19 Feb 2005
Should he try again. perhaps David Payne would do better with fewer words and a milieu closer to his North Carolina home,” concluded The New York Times review of his 1984 debut novel, “Confessions of a Taoist on Wall Street.” David Payne accepted its advice in his second — “Early From the Dance.”
Adam Jenrette is a 3l-year-old painter who inherits his aunt’s home in eastern North Carolina. Returning home from New York forces him to confront his past when, as a teenager, Adam betrayed his best friend, Cary, by falling in love with his girlfriend, Jane.
Years later, Cary committed suicide, never recovering from the blow. The novel builds up to the moment Cary learns what happened, and how Adam and Jane love each other again and resolve their conflicting emotions over their past.
But reading the book presents different questions. It begins in the present, reaches a literal cliffhanger, then delays the conclusion with a 300-page flashback. Will the reader plow on or cheat and look at the end? Such temptation shouldn’t be made available.
The novel also tests the reader’s patience by its constant intensity and lack of discrimination. Written in the first person from Adam’s and Jane’s viewpoint, no detail is too insignificant to be described and interpreted. A redecorated room looks different than the ”resounding clarity” of before. A clod of earth in a painting is stippled with “accurate grass.” Descriptions like these — repeated over and over — encourage skipping over to the next interesting bit.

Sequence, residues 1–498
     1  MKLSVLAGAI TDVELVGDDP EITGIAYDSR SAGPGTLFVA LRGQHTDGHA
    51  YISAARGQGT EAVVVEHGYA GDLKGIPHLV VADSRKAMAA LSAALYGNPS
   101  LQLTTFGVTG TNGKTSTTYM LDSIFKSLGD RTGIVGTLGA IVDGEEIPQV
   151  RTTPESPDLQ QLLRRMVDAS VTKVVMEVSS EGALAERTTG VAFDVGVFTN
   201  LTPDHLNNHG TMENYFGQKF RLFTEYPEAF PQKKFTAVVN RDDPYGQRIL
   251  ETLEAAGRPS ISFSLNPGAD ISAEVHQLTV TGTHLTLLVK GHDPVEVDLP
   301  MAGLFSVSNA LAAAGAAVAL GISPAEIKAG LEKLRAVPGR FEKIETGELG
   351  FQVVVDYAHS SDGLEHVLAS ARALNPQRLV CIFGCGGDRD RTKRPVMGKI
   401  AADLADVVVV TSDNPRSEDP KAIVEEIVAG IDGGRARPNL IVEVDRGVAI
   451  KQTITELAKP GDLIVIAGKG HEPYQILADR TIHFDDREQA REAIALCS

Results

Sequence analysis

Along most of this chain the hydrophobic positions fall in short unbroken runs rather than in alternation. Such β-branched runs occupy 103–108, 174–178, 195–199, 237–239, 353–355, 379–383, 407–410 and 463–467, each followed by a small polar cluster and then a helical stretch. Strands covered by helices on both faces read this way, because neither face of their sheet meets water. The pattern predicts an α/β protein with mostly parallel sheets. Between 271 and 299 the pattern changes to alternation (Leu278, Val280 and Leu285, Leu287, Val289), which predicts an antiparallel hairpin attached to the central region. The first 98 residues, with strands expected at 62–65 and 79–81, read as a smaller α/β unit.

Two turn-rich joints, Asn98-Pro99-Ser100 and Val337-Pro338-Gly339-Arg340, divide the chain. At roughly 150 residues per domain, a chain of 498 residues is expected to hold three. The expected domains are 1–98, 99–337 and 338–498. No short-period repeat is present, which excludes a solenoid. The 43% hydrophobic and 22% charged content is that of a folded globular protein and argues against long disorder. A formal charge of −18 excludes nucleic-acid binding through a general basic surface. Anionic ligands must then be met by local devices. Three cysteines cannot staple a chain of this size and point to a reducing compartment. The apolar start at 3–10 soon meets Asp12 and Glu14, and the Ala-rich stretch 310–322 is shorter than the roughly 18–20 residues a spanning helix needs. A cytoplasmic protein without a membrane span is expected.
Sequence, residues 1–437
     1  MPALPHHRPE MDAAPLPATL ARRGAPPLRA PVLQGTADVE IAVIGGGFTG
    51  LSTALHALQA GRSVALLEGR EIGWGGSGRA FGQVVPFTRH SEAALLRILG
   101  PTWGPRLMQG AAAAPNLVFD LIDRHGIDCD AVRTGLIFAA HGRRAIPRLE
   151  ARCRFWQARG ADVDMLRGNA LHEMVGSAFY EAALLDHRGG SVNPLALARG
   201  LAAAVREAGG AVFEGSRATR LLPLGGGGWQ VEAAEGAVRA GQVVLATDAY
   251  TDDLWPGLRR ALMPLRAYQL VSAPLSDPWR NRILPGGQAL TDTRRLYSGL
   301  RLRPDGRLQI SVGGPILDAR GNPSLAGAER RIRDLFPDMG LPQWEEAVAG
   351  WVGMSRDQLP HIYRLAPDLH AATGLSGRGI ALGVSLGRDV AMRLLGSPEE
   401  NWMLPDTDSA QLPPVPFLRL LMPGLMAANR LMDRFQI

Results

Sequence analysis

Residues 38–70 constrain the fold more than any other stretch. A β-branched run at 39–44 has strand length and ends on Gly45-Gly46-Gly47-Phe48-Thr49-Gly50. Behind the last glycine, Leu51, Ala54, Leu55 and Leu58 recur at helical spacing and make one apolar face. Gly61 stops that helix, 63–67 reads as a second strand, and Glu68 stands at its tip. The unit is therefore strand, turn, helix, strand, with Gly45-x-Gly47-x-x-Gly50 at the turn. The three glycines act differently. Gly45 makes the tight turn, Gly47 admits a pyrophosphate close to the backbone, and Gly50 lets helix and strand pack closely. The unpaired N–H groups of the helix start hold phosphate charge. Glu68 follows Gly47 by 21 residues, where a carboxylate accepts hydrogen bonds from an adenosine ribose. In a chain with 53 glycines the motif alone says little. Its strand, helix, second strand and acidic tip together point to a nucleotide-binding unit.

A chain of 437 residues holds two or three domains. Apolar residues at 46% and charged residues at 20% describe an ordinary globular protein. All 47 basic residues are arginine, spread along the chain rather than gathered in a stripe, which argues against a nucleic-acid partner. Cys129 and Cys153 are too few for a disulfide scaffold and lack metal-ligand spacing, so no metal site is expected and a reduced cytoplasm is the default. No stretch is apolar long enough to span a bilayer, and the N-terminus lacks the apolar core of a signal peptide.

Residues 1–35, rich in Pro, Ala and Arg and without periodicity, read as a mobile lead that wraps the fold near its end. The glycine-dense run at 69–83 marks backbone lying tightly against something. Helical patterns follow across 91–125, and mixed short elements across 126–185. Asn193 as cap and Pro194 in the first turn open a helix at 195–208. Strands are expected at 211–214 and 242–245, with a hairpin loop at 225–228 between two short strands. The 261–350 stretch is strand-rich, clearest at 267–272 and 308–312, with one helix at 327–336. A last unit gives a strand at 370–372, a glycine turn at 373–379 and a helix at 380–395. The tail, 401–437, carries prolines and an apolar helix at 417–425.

Dialogue consists of solid paragraphs like:
“[Jane and Morgan] looked over at our entrance, and Cleanth said, ‘you brought down the stereo, good idea’ and Morgan said ‘jolly’ and Cleanth said, ‘were we rude?’ and pouted, and Morgan pouted back and said, ‘very,’ and Cleanth said ‘it was all A’s fault’ — he looked at me — ‘you shouldn’t be so interesting,’ and, despite myself, I think l beamed.”
That was a short sample. Most go on for half a page. When they aren’t trading chit-chat, characters interpret each other emotions in the manner of psychologists and barge off into serious monologues about the meaning of life.
The land and people of Eastern North Carolina are sympathetically described. Payne knows the area well and it shows. but he is far more interested in the interior landscape of Adam and Jane.
“Early From the Dance” is burdened with a complex organization and stylistic touches that make reading it a task for a martyr. Portions of it are powerful and affecting, but are trapped in leaden prose that deadens the scenes. The final question is not whether or not Adam and Jane are reunited, but how long the reader will put up with Payne’s prose.